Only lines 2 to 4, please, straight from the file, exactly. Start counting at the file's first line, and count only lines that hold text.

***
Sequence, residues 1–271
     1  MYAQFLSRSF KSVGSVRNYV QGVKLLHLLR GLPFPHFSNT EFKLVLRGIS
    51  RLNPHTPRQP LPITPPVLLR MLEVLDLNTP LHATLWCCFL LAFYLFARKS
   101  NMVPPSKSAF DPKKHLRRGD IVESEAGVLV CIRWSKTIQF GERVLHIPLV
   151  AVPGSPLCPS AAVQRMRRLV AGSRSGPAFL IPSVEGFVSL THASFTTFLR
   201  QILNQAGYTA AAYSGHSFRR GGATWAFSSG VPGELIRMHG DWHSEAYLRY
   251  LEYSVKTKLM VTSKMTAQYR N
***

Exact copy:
     1  MYAQFLSRSF KSVGSVRNYV QGVKLLHLLR GLPFPHFSNT EFKLVLRGIS
    51  RLNPHTPRQP LPITPPVLLR MLEVLDLNTP LHATLWCCFL LAFYLFARKS
   101  NMVPPSKSAF DPKKHLRRGD IVESEAGVLV CIRWSKTIQF GERVLHIPLV